Mary Roach is well known for her funny, unflinching forays into the scientific landscape.
In bestselling books like Stiff, Spook, Bonk, and Packing for Mars, she explores the unexpected quirks of everything from death to sex to space travel. In her new book, Grunt: The Curious Science of Humans at War, she dives once again into the surprising details of a subject that most people understand only superficially. We talked recently about how she approaches her subjects and her work.
How do you come up with new ideas?
MARY ROACH: It’s different for every book. Packing for Mars came from a story I’d been reporting about osteoporosis. The researcher I was talking to was an astronaut as well as an M.D., and he happened to mention this space toilet with a video camera that pointed straight up, which helped astronauts dock it, because docking toilets is very tricky. And I said to myself, “one day I will tell this story.”
You must have countless stories and scientific gems floating around in your head.
I do. The challenge is figuring out how to wrap a book around them. The finished product usually bears little resemblance to the book proposal.
“I was also surprised by all the thought that’s gone into submarine escape. There used to be no way out. If your sub went down, you were done—until one guy said, let’s do something about it.” – Mary Roach
How did you become interested in the science of war?
I was reporting about the world’s hottest chili pepper and I found out that the Indian Defense Ministry had made a sort of homegrown pepper bomb for dispersing crowds, so I went to the lab, and there I started to realize that military science was pretty esoteric in ways I hadn’t realized. Also, around that time I was corresponding with a retired army pathologist who opened doors for me that led to other doors.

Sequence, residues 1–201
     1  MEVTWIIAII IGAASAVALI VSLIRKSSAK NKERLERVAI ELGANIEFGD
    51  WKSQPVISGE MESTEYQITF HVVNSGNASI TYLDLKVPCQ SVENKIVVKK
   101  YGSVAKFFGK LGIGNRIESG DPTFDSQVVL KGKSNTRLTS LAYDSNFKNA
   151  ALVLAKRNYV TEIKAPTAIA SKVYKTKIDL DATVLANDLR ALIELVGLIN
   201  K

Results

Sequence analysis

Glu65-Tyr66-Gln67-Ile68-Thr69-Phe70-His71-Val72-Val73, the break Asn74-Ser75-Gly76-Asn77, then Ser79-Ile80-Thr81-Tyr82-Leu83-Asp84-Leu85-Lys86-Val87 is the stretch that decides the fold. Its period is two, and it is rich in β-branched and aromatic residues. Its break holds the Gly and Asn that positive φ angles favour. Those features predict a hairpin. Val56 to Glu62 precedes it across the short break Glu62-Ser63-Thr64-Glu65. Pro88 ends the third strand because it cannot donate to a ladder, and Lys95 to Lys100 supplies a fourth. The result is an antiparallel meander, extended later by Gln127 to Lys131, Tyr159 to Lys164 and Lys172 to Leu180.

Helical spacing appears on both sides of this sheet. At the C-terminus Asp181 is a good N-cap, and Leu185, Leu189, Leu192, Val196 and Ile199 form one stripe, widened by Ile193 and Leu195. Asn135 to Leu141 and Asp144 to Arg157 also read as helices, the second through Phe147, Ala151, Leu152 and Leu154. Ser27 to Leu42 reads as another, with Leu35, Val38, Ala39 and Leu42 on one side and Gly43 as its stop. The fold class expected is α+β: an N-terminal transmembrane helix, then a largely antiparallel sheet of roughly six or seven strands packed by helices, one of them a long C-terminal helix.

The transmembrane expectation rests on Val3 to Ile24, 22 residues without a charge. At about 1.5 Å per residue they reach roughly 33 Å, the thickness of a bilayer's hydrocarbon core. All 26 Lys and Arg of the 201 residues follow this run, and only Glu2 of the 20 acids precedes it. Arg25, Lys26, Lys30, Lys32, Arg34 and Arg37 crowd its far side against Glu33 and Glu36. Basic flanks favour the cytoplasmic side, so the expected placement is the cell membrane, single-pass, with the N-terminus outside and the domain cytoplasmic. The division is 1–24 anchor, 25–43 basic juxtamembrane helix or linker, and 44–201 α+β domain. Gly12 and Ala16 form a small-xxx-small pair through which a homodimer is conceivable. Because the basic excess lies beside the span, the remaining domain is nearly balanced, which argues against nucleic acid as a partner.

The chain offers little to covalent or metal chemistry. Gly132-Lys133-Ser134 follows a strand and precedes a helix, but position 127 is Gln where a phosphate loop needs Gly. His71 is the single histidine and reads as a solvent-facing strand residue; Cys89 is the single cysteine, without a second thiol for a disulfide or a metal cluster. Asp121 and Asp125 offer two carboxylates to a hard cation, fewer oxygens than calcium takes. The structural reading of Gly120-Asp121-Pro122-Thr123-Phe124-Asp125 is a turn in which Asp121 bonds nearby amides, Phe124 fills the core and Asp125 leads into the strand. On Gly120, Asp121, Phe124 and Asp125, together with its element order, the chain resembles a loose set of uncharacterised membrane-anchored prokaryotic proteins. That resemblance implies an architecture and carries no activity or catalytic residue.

It sounds like serendipity fueled your research.
Exactly. At the morgue, they told me about the WIAMan project—which had to do with creating crash-test dummies to better understand underbody blasts. Then I heard about penis transplants through the surgeon who does reconstruction work, and he told me about cadaver transplant work. I don’t do a lot of advance planning for my books. It’s a little unnerving, but it’s taken me to interesting places.
What surprised you in researching this book?
Things like the extent of hearing loss. Anyone in artillery or special ops knows they’re going to lose a significant portion of their hearing. And I didn’t see the value of maggot therapy coming. I was also surprised by all the thought that’s gone into submarine escape. There used to be no way out. If your sub went down, you were done—until one guy said, let’s do something about it, so they designed an escape trunk, figured out how to equalize the pressure so the hatch could be opened, and created this little suit that has a small air supply so you can get to the surface. There it turns into a raft.
What are the most impactful advances you came across?
There’s a lot in emergency trauma care. The survival rates are pretty amazing now. They’ve got hospitals closer to the front, care in the air, flying operating rooms. There’s buddy care and tourniquets you can put on yourself with one hand, because that’s the number one killer, loss of blood.
What touched you the most in your conversations with military personnel?
Talking to an army captain who told me the story of stepping on the pressure plate that triggered an IED. It sure put things in perspective. I don’t have friends or family in the military, so I’ve never really spent time thinking about the horror of watching not just your leg, but your life be shattered in a split second. That was new to me, and intense. You don’t know what to say. I think that’s why it’s so hard for vets to readjust when they come home. They’re coming back to people who are sympathetic, but you can’t be empathetic in the same way unless you’ve been through it.
Mary Roach will read from and discuss her new book at 7:30 p.m. on Friday, June 24, at Bookshop Santa Cruz, 1520 Pacific Ave., Santa Cruz. Free.